Tips For Speaking About Memory Changes
- Begin with educating yourself about memory changes and their potential causes.
- Know the person, their preferences and unique identity.
- Include the individual in the conversation for as long as possible.
- Keep in mind tone, body language and try to remain calm.
- Be aware of details. For example, while some people may be happy to see their family around them during a conversation of this nature, some may be more private.
- Be considerate with the language used. For example, it may be more beneficial and supportive to refrain from making statements like, “You need to go to the doctor.”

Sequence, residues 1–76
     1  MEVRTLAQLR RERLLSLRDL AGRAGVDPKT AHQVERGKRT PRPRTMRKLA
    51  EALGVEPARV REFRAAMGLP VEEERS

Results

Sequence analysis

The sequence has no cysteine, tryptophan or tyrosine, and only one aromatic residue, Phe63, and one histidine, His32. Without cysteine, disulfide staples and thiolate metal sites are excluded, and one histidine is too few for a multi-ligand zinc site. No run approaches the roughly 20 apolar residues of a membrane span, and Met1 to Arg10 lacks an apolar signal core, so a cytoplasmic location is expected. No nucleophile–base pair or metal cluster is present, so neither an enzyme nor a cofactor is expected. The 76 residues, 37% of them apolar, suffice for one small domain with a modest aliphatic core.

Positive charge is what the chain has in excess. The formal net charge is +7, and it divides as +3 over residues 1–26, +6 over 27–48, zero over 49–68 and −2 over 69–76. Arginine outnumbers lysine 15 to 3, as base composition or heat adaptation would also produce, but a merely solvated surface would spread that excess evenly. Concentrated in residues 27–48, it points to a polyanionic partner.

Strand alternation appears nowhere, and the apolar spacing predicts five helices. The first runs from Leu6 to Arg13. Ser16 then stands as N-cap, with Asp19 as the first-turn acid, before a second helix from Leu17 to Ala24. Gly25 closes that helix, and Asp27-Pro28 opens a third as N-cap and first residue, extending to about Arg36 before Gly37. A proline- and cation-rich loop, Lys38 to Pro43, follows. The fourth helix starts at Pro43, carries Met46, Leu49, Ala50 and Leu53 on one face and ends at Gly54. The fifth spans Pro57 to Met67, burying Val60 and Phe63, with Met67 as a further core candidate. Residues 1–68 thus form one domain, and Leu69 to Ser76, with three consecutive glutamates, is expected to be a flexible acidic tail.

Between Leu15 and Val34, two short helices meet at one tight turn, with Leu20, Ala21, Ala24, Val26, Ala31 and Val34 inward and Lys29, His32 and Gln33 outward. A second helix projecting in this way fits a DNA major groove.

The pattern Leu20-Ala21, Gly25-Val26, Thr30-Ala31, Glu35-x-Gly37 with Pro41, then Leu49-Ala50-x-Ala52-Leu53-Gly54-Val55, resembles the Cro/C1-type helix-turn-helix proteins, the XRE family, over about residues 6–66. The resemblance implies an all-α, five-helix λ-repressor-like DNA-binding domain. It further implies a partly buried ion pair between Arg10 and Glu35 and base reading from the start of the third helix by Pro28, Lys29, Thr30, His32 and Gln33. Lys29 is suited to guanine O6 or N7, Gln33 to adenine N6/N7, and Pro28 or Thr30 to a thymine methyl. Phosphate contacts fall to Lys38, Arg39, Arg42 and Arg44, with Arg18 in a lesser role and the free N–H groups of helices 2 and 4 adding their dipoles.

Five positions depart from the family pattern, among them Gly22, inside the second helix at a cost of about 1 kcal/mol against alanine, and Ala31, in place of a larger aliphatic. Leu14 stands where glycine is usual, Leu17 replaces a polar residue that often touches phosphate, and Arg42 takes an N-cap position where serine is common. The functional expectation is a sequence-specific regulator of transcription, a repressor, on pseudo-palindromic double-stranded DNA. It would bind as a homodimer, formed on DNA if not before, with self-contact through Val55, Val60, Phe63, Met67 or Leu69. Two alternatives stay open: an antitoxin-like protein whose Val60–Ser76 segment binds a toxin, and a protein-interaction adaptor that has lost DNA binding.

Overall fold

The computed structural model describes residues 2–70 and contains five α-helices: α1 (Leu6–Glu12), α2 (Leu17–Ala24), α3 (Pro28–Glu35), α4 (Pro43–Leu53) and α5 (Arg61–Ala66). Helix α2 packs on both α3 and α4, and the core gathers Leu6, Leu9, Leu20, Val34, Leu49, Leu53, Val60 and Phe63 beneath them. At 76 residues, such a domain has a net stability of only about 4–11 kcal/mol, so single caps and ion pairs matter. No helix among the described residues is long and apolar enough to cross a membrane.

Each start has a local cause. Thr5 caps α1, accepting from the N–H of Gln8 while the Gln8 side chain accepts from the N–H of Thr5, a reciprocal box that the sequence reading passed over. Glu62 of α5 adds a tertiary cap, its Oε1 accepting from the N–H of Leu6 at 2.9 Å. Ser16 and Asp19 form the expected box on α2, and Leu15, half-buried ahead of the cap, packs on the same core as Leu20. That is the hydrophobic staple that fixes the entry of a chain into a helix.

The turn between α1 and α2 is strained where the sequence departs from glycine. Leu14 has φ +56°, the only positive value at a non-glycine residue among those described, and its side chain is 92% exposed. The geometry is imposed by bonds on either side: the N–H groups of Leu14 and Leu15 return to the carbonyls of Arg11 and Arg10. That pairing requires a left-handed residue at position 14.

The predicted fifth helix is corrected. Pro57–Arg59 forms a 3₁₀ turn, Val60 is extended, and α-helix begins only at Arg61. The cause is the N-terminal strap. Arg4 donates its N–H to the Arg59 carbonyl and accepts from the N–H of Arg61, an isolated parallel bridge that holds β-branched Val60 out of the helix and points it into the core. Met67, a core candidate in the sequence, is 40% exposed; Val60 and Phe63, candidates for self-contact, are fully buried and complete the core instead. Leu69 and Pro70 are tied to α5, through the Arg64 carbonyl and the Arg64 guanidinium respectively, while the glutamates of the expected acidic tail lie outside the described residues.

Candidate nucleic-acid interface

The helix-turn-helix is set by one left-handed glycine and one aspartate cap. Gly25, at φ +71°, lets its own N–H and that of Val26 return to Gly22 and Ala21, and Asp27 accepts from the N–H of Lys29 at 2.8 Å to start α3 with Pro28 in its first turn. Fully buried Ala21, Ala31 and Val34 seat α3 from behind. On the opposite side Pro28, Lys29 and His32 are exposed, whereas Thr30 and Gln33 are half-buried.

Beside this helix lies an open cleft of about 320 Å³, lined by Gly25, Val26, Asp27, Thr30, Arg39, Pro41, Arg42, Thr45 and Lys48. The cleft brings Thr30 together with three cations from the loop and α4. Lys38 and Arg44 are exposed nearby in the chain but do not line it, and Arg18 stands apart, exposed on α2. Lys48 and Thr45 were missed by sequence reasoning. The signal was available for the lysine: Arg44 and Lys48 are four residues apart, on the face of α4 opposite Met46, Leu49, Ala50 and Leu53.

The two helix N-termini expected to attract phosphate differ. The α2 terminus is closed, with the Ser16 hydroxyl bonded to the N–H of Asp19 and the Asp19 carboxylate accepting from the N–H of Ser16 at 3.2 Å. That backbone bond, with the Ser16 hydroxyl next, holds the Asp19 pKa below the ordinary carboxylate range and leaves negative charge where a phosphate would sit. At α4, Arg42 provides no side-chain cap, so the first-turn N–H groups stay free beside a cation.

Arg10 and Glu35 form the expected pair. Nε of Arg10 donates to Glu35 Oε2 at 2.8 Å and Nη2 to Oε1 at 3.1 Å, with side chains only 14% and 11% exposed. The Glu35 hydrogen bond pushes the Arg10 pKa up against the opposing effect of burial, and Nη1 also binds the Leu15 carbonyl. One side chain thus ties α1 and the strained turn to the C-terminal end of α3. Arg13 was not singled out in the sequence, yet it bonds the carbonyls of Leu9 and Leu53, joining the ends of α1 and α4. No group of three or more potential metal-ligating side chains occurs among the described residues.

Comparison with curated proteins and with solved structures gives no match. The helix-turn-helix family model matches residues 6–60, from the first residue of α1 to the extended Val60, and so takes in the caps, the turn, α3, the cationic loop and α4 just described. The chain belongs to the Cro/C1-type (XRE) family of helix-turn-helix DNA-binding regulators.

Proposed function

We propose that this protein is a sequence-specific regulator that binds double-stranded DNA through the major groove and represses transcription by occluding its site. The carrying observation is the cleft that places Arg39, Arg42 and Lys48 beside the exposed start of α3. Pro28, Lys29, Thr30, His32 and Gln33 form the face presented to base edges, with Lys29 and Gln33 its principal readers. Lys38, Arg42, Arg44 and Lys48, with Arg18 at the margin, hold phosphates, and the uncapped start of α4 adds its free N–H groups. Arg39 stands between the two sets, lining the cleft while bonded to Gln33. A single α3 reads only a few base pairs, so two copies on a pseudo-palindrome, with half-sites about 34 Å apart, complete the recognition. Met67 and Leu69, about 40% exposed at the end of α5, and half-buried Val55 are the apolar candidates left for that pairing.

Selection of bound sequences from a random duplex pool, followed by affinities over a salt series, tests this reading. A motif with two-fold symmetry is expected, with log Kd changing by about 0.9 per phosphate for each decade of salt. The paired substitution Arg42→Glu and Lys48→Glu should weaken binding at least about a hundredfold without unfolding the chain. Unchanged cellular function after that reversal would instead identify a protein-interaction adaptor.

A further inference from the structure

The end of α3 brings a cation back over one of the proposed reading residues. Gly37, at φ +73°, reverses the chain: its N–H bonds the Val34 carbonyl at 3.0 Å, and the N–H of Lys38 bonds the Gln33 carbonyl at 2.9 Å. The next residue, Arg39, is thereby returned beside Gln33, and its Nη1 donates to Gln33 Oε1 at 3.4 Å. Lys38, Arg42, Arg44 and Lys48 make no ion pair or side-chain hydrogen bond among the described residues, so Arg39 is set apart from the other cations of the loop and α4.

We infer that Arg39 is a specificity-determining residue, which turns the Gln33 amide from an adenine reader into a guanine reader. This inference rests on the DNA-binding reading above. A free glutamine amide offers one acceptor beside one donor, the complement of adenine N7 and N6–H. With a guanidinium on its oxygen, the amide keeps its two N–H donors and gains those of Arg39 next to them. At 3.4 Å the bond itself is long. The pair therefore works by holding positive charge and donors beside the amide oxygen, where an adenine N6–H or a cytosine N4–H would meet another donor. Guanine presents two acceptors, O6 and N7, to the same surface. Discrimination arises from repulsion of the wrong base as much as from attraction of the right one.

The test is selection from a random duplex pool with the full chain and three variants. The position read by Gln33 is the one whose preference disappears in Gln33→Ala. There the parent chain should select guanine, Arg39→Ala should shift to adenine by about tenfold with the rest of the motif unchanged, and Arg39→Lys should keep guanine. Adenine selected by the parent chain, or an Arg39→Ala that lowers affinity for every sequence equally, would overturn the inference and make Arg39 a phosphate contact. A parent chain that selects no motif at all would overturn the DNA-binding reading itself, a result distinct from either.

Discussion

- Be mindful of how these concerns are being described. For example, instead of using trigger words like Alzheimer’s, perhaps refer to the memory changes in a less intimidating way, using examples (e.g. “I noticed that…”).
- Recognize that this conversation may happen more than once. Try to continue the dialogue but be considerate as this conversation can be overwhelming for everyone.
- Be open to changing your strategy and know what resources are available.
Licensed social workers are available to offer additional strategies and support via AFA’s National Toll-Free Helpline (866-232-8484).